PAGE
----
Percy Liang is an Associate Professor of Computer Science at Stanford University (B.S. from MIT, 2004; Ph.D. from UC Berkeley, 2011). His research spans many topics in machine learning and natural language processing, including robustness, interpretability, semantics, and reasoning. He is also a strong proponent of reproducibility through the creation of CodaLab Worksheets. His awards include the Presidential Early Career Award for Scientists and Engineers (2019), IJCAI Computers and Thought Award (2016), an NSF CAREER Award (2016), a Sloan Research Fellowship (2015), a Microsoft Research Faculty Fellowship (2014), and multiple paper awards at ACL, EMNLP, ICML, and COLT.

Back


Devi Parikh

Georgia Tech and Facebook AI Research

TBD

TBD

Bio

Back


Sujith Ravi

SliceX AI

TBD

TBD

Bio

Dr. Sujith Ravi is the Founder & CEO of SliceX AI. Previously, he was the Director of Amazon Alexa AI where he led efforts to build the future of multimodal conversational AI experiences at scale. Prior to that, he was leading and managing multiple ML and NLP teams and efforts in Google AI. He founded and headed Google’s large-scale graph-based semi-supervised learning platform, deep learning platform for structured and unstructured data as well as on-device machine learning efforts for products used by billions of people in Search, Ads, Assistant, Gmail, Photos, Android, Cloud and YouTube. These technologies power conversational AI (e.g., Smart Reply), Web and Image Search; On-Device predictions in Android and Assistant; and ML platforms like Neural Structured Learning in TensorFlow, Learn2Compress as Google Cloud service, TensorFlow Lite for edge devices. Dr. Ravi has authored over 100 scientific publications and patents in top-tier machine learning and natural language processing conferences. His work has been featured in press: Wired, Forbes, Forrester, New York Times, TechCrunch, VentureBeat, Engadget, New Scientist, among others, and also won the SIGDIAL Best Paper Award in 2019 and ACM SIGKDD Best Research Paper Award in 2014. For multiple years, he was a mentor for Google Launchpad startups. Dr. Ravi was the Co-Chair (AI and deep learning) for the 2019 National Academy of Engineering (NAE) Frontiers of Engineering symposium. He was also the Co-Chair for ACL 2021, EMNLP 2020, ICML 2019, NAACL 2019, and NeurIPS 2018 ML workshops and regularly serves as Senior/Area Chair and PC of top-tier machine learning and natural language processing conferences like NeurIPS, ICML, ACL, NAACL, AAAI, EMNLP, COLING, KDD, and WSDM.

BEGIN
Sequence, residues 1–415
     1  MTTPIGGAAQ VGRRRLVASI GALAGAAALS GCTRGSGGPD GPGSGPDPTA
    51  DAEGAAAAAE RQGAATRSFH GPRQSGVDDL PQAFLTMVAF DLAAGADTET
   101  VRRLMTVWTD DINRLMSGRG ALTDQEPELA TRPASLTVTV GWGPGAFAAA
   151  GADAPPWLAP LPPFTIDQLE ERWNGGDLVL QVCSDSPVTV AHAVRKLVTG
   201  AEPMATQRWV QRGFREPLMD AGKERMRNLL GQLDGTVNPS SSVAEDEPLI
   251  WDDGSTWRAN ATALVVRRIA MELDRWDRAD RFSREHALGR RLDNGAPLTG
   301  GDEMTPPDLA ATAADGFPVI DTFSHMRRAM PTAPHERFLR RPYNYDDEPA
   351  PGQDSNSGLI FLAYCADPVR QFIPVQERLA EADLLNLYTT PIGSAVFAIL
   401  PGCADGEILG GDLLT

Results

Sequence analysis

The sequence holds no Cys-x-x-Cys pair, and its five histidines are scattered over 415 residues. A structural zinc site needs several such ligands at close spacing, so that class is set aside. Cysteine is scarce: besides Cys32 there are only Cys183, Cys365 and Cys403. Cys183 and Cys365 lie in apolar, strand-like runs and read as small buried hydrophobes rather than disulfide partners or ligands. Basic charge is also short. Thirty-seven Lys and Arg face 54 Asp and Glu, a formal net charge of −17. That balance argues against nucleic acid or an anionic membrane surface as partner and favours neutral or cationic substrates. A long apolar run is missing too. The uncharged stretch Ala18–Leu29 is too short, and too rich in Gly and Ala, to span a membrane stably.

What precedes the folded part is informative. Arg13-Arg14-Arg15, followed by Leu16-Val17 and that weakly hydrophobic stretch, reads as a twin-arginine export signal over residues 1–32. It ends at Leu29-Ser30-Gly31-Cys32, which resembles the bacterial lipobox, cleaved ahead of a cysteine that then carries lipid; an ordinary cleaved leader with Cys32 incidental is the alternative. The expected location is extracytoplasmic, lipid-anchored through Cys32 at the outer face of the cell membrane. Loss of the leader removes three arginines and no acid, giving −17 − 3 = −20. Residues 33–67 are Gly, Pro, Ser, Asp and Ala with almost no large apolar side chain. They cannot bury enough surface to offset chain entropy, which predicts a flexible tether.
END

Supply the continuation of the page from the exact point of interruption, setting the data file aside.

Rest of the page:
Back


Unlikelihood-training and Back-training for robust natural language understanding

Language models are known to be good at generalization and memorization. These abilities mean that a language model can be directly be used as a knowledge base, e.g., a language model could easily fill the blank in “The capital of Canada is BLANK” with Ottawa, even if the exact construction is never seen during training, a task that requires both generalization and memorization. But we also observe that complex phenomena such as negation are commonly ignored by language models, e.g., the model would still predict Ottawa as the answer to “The capital of Canada is not BLANK”. I will introduce a new training procedure and objective called “unlikelihood training with reference” in order to build language models that understand negation without explicitly training on factual knowledge. In the second part of the talk, I will show that pretrain and fine-tune paradigm breaks in the out-of-distribution setting. For example, question answering and generation models trained on Natural Questions do not generalize to other domains such as education or bio-medical. I will introduce a new technique called back-training that exploits unsupervised data in the target domains much more efficiently than self-training.

Bio

Siva Reddy is an Assistant Professor in the School of Computer Science and Linguistics at McGill University. He is a Facebook CIFAR AI Chair and a core faculty member of Mila Quebec AI Institute. Before McGill, he was a postdoctoral researcher at Stanford University. He received his PhD from the University of Edinburgh in 2017, where he was a Google PhD Fellow. His research focuses on representation learning for language that facilitates systematic generalization and conversational models. He received the 2020 VentureBeat AI Innovation Award in NLP.

Back


Dafna Shahaf

Hebrew University

TBD

TBD

Bio

I am an Associate Professor in computer science at the Hebrew University of Jerusalem. My research focuses on data science and helping people make sense of massive amounts of data, with a special emphasis on unlocking the potential of the many digital traces left by human activity to contribute to our understanding (and the computers emulation) of human capacities such as humor and creativity.

Back


TBD

TBD

Bio

I am an Associate Professor of Electrical Engineering and Computer Science at MIT, part of both the Institute for Medical Engineering & Science and the Computer Science and Artificial Intelligence Laboratory. My research focuses on advancing machine learning and artificial intelligence, and using these to transform health care. Previously, I was an Assistant Professor of Computer Science and Data Science at New York University, part of the CILVR lab.

Back